At the time, if you had asked me I would have been convinced that I was only unemployed for a few months! Time gets really surreal when you are desperate for long periods of time. Anyways, into my third year of being jobless I put everything I had been working on into one resume, and sent it off to every place that I thought might take it. Surprisingly enough one of the places got back to me, and even offered to pay for a trip on an Amtrak train a few hundred miles to come interview with them! It was a dream come true at the time, an air-conditioned office, with well dressed people… I felt very out-of-place… like an alien secretly undercover sent to assimilate into “middle class” culture.
Sure enough, I got the job! I almost happy-danced myself to death at the time!
I think a lot of how Hypatia works is based on that narrative, except we offer a community peers to help raise each other up. I got lucky, and had the privilege of learning a lot of tech when I was younger. Not everyone has that luxury going into situations like that. Time becomes money, and money is hard to come by, so investing time without guidance on how you would turn that into a job skill is not something anyone should be expected to try.
TE: What were you doing when you lost your job for transitioning?
LM: The job I had before being fired due to transition was answering phones. It was pretty terrible. Everyone I worked with was really freaked out by my transition and didn’t know what to make of it. I think that my voice when answering phones was one of the things that became a problem for me. It was a hard job, and I didn’t think I had the right to exist in the first place. These days I have a lot more self-confidence and pride, and I know I have every right to exist — As well as the right to be respected by my coworkers as an equal.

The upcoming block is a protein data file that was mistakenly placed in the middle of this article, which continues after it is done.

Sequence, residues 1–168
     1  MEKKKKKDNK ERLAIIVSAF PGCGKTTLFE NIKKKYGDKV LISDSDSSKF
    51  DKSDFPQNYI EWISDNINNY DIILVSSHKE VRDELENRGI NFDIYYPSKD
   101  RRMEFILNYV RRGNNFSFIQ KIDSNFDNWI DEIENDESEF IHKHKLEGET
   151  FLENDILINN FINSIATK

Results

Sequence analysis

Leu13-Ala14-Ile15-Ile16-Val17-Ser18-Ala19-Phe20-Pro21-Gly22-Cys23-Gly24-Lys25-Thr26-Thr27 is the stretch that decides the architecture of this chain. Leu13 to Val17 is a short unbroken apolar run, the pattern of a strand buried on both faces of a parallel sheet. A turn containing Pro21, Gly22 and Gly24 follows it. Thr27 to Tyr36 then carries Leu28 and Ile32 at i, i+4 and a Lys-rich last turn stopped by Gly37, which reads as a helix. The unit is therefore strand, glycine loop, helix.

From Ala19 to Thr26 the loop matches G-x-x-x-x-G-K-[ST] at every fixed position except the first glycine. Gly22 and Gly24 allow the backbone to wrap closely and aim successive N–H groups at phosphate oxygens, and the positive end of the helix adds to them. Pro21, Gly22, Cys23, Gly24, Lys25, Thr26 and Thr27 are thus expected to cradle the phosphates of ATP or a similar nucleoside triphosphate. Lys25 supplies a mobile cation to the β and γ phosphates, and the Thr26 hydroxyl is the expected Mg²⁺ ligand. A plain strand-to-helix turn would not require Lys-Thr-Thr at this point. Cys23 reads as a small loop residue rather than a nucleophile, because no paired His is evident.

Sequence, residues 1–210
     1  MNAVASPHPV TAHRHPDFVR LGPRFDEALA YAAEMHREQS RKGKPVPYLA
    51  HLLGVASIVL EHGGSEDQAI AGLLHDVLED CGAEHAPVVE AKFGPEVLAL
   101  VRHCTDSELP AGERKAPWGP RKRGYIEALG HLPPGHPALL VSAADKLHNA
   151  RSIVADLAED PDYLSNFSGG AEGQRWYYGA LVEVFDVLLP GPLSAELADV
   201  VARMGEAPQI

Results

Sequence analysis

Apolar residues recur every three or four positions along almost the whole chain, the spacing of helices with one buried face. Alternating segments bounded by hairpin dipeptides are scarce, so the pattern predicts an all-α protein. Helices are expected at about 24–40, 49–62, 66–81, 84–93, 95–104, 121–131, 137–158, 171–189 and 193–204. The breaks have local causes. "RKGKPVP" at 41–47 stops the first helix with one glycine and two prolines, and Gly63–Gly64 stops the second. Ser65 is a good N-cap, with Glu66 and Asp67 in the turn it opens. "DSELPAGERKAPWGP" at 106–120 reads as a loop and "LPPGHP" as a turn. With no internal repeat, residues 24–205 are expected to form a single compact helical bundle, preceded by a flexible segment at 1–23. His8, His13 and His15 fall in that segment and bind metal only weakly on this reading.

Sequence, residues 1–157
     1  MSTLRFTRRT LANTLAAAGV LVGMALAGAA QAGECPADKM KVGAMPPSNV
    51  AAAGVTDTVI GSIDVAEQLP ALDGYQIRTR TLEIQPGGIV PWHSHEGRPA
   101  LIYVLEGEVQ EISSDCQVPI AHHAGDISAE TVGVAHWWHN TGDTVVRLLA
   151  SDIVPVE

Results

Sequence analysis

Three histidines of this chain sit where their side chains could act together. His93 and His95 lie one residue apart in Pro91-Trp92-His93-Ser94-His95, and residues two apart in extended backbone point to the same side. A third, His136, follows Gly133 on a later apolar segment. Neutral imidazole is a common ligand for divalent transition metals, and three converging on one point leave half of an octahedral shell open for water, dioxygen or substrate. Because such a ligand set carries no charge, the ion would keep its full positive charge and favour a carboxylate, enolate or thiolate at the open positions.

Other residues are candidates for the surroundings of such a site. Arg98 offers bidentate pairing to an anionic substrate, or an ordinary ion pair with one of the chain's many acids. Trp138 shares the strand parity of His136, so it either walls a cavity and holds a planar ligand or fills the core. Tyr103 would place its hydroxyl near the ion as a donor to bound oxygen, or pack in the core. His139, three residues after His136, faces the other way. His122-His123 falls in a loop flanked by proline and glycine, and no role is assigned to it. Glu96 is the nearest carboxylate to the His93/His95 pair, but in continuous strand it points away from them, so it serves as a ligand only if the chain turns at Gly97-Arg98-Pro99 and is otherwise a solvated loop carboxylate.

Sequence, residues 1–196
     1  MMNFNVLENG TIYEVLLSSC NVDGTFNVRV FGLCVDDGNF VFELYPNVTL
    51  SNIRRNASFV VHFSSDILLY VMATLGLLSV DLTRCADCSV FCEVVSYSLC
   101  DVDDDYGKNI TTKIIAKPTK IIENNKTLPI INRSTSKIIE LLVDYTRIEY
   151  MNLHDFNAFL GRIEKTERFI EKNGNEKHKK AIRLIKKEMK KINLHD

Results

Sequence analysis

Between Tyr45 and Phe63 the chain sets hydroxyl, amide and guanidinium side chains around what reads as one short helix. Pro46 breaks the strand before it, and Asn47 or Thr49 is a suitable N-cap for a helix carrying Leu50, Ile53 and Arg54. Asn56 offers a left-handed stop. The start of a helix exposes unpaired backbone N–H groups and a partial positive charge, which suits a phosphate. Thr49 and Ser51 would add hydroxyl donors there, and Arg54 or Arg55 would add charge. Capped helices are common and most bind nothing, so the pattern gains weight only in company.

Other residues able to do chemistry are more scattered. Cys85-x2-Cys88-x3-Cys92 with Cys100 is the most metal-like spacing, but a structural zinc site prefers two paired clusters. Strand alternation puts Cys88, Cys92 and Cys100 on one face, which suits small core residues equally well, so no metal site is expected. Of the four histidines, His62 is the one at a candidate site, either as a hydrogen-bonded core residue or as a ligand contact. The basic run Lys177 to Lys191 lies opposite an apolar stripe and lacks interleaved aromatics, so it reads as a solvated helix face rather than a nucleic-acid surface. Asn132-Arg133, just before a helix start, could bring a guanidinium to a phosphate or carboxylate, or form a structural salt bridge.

TE: What did you do to support yourself when you were homeless and couch-surfing?
LM: Whatever I could. At first I did IT contracting with people I met online, but my social circle was only big enough to sustain me that way for the first year. If I had known I was going to lose my job I would have probably been able to sustain it longer. But, life generally doesn’t give us a warning before tossing us into a new situation.
I hesitate to talk about this next bit, but I really think it is important for younger trans women who might find themselves in a similar situation. When it became apparent I couldn’t keep a roof over mine and my partners heads anymore I turned to the streets as a very novice sex worker. I had no Idea what I was doing, nor how to do it safely. I didn’t understand basic safety concepts like how to screen clients or how to avoid being ripped off. Luckily for me I’ve always been good at thinking on my feet so nothing too seriously ever happened to me. Although I definitely had some very close calls. Back then, I had very little self-respect and I didn’t think a trans woman could be much in this world outside of homeless and dead on the side of the road. This is not a healthy world view, at all. I put myself into many situations that I probably should not have made it out of alive.